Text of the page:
Towards the northern constellation of Persus lies a vast, dark cloud of dust and gas that is one of the interstellar nurseries breeding new stars to light the Milky Way galaxy. Optically, this area of the sky is virtually impenetrable and forms a curtain about 2,000 light years distant that blocks our view of what lies beyond. However, bright embers can be seen among the soot from which stars gestate and NGC 1579, rarely photographed but pictured here, is one of the more spectacular examples of a place where new stars are born.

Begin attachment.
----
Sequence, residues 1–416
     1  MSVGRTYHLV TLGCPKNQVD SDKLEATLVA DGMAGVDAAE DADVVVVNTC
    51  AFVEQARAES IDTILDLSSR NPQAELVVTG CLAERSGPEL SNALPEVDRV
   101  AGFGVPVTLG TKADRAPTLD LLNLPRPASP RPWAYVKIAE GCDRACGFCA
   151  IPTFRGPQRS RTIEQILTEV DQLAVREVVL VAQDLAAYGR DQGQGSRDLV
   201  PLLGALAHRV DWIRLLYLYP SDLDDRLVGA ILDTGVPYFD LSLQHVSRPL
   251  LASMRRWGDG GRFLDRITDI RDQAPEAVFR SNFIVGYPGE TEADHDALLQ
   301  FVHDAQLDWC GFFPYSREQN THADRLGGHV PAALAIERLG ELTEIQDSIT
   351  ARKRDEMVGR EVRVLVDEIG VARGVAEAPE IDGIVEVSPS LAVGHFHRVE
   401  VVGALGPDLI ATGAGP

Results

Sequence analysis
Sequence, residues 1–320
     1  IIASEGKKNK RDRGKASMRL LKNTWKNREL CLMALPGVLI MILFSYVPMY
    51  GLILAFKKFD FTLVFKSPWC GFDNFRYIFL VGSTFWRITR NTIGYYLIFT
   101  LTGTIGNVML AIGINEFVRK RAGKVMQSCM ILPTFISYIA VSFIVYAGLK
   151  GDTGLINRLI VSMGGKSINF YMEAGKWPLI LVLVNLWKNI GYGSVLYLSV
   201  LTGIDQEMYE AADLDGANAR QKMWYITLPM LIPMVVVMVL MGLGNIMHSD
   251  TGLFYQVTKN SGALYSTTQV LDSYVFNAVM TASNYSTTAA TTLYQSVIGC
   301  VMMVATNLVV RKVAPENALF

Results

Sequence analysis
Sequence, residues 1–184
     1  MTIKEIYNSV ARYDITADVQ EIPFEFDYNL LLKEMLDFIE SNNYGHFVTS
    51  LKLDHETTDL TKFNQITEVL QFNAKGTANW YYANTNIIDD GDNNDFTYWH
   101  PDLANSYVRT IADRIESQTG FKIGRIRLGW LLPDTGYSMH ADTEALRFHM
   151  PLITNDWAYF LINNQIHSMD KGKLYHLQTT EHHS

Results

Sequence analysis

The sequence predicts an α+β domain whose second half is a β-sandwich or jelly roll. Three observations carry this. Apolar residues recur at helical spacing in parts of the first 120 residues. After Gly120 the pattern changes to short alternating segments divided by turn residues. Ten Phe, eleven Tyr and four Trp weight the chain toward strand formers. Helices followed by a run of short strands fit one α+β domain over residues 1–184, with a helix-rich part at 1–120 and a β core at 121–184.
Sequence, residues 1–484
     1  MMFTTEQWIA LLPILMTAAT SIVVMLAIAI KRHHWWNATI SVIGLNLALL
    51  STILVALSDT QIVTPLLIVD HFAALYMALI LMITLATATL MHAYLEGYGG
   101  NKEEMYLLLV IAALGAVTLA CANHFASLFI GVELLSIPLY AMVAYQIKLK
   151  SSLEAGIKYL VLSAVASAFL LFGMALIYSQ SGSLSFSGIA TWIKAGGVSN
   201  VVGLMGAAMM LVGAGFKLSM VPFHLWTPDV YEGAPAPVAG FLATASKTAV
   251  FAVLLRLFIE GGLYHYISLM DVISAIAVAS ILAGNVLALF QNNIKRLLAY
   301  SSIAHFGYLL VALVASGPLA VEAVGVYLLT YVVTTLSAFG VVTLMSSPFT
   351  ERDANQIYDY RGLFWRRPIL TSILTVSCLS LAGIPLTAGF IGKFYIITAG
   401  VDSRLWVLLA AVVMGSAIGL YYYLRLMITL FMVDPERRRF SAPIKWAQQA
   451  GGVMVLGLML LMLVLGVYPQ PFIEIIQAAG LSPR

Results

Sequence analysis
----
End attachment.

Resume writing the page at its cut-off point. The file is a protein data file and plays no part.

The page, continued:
This nebula is lit it by a very bright, young star that is several times more massive the Sun and encrusted with dozens of sibling stars that are also newly formed. The tendrils of dust that extend throughout this area also give it a strong resemblance to the more popularly known Trifid Nebula (M20), located in the southern sky.